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Petition seeks a mosquito testing laboratory in state

BRANDON/SUDBURY/WHITING — The efforts of legislators seeking increased funding for mosquito surveillance may be bolstered by a citizen’s petition seeking an in-state testing lab.
Colleen Wright, a friend of Scott Sgorbati, who contracted Eastern equine encephalitis and died last month, has started a petition seeking support for an in-state arbovirus surveillance lab.
A number of area legislators recently met with the Brandon Leicester Goshen Salisbury Mosquito District to discuss funding a statewide program for surveillance and treatment of mosquitoes. A virus carried by mosquitoes and transmitted to humans and other mammals such as EEE and West Nile Virus is called an arbovirus, short for “arthropod-borne” virus.
Petitions are posted at the Leicester General Store, the Whiting Country Store and Dirty Works Laundromat in Brandon. The petitions states:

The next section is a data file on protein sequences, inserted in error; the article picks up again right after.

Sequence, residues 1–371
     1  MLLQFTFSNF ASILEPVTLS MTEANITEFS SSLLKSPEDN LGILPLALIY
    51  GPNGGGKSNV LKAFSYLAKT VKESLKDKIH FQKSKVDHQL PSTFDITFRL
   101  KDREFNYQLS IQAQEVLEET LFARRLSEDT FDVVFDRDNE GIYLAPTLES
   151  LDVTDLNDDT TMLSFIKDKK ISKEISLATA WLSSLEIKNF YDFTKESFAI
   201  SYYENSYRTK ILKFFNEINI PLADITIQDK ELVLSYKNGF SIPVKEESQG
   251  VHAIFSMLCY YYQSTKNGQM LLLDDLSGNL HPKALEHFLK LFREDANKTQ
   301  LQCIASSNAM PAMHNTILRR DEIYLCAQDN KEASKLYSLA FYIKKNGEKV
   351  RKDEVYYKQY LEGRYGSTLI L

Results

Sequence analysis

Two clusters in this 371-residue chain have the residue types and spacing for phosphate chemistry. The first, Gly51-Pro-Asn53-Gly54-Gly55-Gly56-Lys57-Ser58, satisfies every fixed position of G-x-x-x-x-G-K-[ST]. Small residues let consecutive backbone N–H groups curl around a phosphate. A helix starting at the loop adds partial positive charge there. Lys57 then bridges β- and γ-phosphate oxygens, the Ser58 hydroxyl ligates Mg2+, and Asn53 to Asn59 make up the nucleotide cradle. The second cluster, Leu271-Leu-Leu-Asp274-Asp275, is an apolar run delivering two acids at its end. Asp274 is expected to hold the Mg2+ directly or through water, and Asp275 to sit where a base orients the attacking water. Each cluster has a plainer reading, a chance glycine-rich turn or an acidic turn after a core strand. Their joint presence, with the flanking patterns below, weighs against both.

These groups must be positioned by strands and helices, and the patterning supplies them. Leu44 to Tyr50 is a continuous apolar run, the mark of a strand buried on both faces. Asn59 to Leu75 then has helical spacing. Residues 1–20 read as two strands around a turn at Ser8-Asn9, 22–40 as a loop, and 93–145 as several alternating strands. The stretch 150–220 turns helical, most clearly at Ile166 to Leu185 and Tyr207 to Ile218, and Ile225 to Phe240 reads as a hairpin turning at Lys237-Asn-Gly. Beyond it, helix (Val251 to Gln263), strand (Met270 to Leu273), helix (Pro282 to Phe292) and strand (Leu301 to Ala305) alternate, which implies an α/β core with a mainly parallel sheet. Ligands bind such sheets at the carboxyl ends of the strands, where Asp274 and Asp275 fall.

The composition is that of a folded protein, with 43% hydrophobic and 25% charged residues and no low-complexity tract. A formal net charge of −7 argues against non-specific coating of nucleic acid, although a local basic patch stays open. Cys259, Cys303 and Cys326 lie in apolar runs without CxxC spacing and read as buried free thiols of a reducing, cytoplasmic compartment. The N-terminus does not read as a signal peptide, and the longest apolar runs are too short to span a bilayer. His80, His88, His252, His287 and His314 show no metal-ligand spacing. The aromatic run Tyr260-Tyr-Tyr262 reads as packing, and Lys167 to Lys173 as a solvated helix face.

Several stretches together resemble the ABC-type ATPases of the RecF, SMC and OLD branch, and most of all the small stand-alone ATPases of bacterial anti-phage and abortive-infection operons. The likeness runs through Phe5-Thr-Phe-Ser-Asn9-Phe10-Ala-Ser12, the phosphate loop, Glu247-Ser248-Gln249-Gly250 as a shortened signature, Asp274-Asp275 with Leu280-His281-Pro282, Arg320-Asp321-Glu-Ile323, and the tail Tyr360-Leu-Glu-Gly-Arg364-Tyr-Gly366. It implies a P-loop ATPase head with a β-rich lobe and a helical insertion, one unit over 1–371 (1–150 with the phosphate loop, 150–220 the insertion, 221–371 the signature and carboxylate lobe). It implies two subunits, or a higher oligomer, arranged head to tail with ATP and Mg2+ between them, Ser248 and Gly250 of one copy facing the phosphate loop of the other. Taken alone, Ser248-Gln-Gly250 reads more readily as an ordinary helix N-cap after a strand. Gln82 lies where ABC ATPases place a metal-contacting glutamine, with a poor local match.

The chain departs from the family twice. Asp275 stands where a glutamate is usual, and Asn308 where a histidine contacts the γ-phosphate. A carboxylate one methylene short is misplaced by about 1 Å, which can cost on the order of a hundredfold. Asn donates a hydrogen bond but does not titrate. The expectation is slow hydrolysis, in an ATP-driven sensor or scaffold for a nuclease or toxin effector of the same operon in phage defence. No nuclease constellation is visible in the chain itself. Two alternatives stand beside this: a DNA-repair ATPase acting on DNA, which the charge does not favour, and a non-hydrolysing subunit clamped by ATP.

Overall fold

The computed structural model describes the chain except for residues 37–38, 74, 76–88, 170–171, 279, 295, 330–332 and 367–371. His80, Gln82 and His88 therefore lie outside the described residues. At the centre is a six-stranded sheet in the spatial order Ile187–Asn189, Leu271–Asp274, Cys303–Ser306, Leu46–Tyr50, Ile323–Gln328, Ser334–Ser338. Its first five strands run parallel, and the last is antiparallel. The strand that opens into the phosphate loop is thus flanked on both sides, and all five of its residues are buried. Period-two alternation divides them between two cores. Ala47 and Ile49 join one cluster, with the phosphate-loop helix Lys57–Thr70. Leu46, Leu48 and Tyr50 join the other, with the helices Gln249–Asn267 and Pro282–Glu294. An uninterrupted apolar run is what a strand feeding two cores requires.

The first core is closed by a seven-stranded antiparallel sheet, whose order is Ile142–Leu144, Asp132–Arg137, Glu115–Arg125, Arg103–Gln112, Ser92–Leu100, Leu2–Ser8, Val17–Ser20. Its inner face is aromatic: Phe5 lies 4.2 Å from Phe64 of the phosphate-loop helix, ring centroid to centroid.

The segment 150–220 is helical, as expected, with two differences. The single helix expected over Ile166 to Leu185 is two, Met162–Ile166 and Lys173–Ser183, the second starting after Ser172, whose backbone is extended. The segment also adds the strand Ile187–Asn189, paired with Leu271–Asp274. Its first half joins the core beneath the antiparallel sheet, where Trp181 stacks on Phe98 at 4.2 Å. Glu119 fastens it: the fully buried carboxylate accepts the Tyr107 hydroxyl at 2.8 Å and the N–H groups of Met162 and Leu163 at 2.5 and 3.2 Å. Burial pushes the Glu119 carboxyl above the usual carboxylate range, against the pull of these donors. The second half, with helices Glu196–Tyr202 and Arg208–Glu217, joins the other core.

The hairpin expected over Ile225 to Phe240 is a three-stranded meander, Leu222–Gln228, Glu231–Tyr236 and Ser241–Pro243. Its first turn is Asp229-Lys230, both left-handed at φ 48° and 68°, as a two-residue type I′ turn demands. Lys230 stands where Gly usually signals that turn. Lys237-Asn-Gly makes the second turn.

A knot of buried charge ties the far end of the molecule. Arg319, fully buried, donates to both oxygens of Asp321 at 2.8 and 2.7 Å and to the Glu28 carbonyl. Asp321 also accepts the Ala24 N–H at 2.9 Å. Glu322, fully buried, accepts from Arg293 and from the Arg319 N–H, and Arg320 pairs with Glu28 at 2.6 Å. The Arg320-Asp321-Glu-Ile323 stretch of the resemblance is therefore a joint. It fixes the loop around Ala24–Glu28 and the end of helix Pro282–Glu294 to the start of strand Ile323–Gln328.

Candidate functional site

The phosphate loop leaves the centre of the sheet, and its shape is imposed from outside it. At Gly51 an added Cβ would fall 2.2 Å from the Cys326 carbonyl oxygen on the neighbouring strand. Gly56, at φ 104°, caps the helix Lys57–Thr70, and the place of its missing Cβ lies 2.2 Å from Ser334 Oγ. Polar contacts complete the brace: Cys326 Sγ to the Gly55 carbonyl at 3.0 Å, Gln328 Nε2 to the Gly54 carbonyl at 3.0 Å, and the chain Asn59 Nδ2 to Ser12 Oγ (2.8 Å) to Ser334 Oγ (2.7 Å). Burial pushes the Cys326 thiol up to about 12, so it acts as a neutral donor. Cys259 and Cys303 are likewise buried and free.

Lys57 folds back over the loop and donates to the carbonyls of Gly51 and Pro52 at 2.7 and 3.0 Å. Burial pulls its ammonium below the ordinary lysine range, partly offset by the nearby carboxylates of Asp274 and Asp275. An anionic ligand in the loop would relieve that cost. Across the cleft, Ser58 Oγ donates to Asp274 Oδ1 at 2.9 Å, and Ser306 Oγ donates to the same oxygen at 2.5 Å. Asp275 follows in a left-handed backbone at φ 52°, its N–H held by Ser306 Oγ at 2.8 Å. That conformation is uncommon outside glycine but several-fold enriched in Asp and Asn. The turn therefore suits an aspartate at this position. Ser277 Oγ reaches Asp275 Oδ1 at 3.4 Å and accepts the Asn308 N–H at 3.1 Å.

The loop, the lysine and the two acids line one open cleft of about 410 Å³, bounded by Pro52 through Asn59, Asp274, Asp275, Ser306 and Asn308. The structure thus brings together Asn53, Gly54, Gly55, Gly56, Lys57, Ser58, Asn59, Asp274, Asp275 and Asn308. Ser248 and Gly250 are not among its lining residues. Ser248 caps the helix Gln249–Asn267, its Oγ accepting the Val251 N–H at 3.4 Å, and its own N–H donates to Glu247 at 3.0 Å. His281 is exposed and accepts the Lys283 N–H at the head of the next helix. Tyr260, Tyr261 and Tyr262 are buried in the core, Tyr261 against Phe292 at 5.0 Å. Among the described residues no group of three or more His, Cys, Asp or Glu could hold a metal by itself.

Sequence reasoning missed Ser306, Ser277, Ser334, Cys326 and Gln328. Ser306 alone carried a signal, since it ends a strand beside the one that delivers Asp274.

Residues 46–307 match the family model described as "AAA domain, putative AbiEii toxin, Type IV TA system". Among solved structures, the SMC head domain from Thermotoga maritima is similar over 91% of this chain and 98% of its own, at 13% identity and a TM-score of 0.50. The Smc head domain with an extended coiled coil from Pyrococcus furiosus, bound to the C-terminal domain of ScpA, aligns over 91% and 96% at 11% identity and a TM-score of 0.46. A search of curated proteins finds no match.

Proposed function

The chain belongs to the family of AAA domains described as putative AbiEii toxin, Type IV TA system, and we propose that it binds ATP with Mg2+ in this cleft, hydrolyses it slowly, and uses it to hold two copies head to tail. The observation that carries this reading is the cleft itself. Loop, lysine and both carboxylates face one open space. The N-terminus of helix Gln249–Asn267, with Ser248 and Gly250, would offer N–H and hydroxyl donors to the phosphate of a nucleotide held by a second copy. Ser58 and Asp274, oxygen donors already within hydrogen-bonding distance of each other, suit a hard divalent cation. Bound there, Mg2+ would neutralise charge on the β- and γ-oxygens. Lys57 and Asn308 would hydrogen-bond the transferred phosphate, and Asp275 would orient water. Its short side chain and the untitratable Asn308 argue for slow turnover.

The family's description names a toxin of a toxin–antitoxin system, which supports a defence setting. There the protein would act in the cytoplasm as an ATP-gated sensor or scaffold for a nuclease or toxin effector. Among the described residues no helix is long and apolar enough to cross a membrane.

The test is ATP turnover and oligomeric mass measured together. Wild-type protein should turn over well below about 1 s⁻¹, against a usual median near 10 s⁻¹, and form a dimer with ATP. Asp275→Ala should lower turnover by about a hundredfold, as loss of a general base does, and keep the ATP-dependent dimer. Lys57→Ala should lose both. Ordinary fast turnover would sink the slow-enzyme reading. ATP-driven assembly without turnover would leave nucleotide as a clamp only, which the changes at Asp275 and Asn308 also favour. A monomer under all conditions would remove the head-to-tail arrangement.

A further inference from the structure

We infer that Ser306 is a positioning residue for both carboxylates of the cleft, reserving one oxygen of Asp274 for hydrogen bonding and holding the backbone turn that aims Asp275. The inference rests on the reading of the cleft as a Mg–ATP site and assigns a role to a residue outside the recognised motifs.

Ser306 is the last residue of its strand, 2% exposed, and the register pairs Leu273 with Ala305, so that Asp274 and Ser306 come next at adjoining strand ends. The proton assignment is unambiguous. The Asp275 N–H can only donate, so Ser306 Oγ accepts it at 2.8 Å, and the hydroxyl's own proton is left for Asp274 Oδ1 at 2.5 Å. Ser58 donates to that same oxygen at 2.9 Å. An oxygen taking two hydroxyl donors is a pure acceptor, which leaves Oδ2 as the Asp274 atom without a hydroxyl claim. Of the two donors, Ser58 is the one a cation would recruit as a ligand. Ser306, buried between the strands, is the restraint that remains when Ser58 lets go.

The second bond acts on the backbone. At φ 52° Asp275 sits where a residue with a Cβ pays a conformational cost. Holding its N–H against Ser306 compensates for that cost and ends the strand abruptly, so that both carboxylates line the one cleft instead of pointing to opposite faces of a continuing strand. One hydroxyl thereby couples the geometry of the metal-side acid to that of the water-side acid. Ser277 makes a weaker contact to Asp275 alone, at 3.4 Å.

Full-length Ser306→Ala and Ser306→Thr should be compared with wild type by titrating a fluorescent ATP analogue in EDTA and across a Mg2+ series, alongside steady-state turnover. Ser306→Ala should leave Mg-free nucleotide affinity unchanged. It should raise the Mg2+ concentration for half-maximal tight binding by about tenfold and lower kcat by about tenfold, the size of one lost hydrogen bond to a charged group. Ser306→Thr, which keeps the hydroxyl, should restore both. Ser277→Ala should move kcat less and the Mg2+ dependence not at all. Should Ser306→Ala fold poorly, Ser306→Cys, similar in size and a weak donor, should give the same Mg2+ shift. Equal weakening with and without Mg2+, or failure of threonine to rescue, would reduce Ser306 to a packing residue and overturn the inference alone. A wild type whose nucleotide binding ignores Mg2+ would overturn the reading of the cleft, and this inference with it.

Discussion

“We the undersigned Citizens of the State of Vermont demand that our legislators create a staffed Arbovirus Surveillance Laboratory within the 2013 Legislative session. We also demand that the CDC immediately return to full funding for this program.”
The Centers for Disease Control funds the state’s arbovirus surveillance program and the testing work or entomologist Alan Graham, but that funding has seen a 75 percent reduction in recent years.
Those mosquitoes that tested positive for EEE this summer were tested at a lab in New York under a contract with Vermont because there is no lab capable of doing that type of testing in the Green Mountain State.
On her Facebook page, Wright implores others to sign the petition.
“We have to make our legislators realize that this problem with EEE, West Nile Virus, Lyme Disease is not going to go away,” she wrote. “We as citizens have the right to know when there is a health concern in our area so that we can take individual and immediate precautions.”
Wright said that she realizes personal protection is important, but that funding is key.
“Yes, I believe that we need to take precautions aggressively, such as dumping water and keeping high grass mown,” she said. “But in order to do these things, we need to be aware of the hazard. I do not want to lose another friend to keep a bureaucrats’ budget cuts intact.”

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